"I am in receipt of your letter of April 15, 1981, concerning your request for a two-step merit increase for Mrs. Rose Barnett, Town Clerk. Please be advised that in my own personal telephone conversations with Mrs. Barnett concerning the violations that we are currently trying to adjudicate, she readily admitted that she submitted falsely fabricated payrolls to my Department knowing full well that such was a blatant violation of the Law. Mrs. Barnett contends that she submitted these payrolls at the instruction of the Mayor and the Council. The Mayor and members of the Council to whom I have been able to speak have denied such allegation by Mrs. Barnett. If you now, as the current Mayor and Council, are willing to certify to me that Mrs. Barnett blatantly disobeyed the Law at your instruction, I will be glad to at least consider this matter, but in the absence of such certification from you, you must understand that we do not reward fraud with special merit increases." (Emphasis added.)

The plaintiff bases her defamation claim against Richardson on the last phrase of this letter.

Several weeks later, on May 12, 1981, Richardson and the Board filed an action against Rose Barnett and the members of the town council in their individual capacities in order to recover the payroll overpayments. However, since these plaintiffs *49 brought the action as taxpayers of Mobile County and in the name of the Town of Mount Vernon, the trial court dismissed the action for lack of standing, since none of the plaintiffs was a citizen of the town.

Several months later, the Board initiated its own investigation into this matter, including a full hearing with testimony from all parties involved. This process culminated in a finding that Rose Barnett had knowingly engaged in a violation of the Board's laws and rules and that she had acted under the authorization of Mayor Gartman. Thereafter, the Board dismissed the plaintiff from her position as town clerk, yet recognized that it had no jurisdiction over an elected official such as the mayor. Barnett appealed her dismissal to the circuit court, but the court affirmed the dismissal order in August 1986.

In the meantime, the plaintiff had filed this present defamation action on July 16, 1981, naming Richardson, the Mobile County Personnel Board, and Gartman as defendants. Later, she attempted to amend the style of her complaint by adding to the listing of defendants the names of four individual members of the Board. On November 17, 1986, the trial court granted summary judgments in favor of all of the original defendants. The four individual members of the Board did not file a separate motion for summary judgment, and the trial court did not expressly include their names in its orders. This appeal followed.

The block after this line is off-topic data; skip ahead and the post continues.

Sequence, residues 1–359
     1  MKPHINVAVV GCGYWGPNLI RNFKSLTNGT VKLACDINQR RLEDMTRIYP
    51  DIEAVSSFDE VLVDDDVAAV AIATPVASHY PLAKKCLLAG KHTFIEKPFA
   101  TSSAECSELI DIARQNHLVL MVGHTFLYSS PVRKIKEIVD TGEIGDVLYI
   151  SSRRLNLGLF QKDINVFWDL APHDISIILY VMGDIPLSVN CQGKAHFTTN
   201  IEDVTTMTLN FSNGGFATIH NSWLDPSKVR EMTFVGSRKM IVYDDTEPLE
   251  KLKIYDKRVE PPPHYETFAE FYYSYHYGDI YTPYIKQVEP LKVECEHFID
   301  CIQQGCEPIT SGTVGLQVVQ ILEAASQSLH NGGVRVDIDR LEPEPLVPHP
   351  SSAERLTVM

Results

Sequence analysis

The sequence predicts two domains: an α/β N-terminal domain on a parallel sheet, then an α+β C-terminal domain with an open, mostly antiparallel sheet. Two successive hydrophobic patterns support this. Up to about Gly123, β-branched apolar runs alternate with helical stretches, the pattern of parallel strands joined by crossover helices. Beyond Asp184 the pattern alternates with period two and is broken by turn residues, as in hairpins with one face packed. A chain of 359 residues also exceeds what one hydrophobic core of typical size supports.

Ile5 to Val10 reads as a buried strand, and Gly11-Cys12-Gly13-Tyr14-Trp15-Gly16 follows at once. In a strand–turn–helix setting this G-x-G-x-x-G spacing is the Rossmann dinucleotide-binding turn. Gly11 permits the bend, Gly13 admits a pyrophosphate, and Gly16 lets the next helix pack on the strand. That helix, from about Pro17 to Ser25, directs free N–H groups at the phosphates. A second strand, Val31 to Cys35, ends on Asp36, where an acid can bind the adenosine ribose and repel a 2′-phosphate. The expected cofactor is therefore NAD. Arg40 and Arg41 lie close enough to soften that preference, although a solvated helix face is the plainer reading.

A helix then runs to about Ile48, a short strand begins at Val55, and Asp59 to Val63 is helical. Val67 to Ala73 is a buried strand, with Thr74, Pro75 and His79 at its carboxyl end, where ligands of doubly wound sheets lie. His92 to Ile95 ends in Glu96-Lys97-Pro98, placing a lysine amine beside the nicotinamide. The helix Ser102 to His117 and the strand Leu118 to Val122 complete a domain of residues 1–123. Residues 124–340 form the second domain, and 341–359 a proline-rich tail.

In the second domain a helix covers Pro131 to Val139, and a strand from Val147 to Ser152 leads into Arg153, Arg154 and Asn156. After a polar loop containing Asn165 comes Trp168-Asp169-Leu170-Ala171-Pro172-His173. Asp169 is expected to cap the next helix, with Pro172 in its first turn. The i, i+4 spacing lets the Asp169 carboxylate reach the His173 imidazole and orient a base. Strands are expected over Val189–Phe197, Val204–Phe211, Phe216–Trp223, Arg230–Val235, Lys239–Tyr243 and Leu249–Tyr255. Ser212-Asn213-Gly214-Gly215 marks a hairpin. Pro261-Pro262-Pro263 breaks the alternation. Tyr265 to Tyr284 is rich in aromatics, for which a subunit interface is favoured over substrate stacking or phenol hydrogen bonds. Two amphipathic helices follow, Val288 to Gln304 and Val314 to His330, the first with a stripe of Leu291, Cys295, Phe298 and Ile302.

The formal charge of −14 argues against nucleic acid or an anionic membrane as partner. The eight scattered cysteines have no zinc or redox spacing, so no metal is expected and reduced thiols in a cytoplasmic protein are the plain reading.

As a threshold issue, we must determine which of the defendants are properly before this Court. The plaintiff's original complaint named Richardson, the Board, and Gartman as defendants:

"ROSE BARNETT, Plaintiff "-vs- "BERNARD M. RICHARDSON, JR.; THE PERSONNEL BOARD OF MOBILE COUNTY; JOHN A. GARTMAN, Defendants "FIRST CAUSE OF ACTION "1. Beginning in April of 1981 the Defendant, Bernard M. Richardson, Jr., individually and acting within the line and scope of his employment as Personnel Director of the Personnel Board of Mobile County and John A. Gartman, maliciously slandered the Plaintiff on several occasions by accusing the Plaintiff of submitting falsely fabricated payrolls thereby implying that the Plaintiff was guilty of theft or embezzlement. "2. As a proximate result of the Defendants' malicious and slanderous remarks the Plaintiff's reputation has been severely and irreparably damaged. "WHEREFORE, Plaintiff demands judgment against Defendants, separately and severally, in the sum of ONE HUNDRED THOUSAND ($100,000.00) DOLLARS, plus interest and costs."

Later, on September 28, 1981, the plaintiff filed the following pleading:


"Comes now the Plaintiff in the above styled cause and amends the style of her complaint heretofore filed as follows:


(Emphasis added.) While this pleading purports to amend the complaint by adding the four individual members of the Board, we must examine it to determine whether it is adequate to achieve its desired effect. We recognize at the outset that this is a confusing pleading and that it acts not through addition, but through substitution. The plaintiff has added no additional claims in this pleading, but has merely replaced the former style, or caption, with the amended one. We discussed the impact of an amended pleading in Zeigler v. Baker, 344 So. 2d 761 (Ala.1977):

"An amended pleading pro tanto supersedes a pleading which it amends, United States v. L.D. Caulk Co. (D.C.Del.), 114 F. Supp. 939 (1953).... The liberalized rules of procedure have not eliminated *50 pleadings as the principal means by which parties themselves choose the issues which they wish to litigate. When pleading to amendments, counsel should see that their pleadings incorporate grounds or allegations previously pleaded if they wish to rely upon them, e.g., `comes the defendant and amends his answer to plaintiff's complaint by adding the following ...' etc."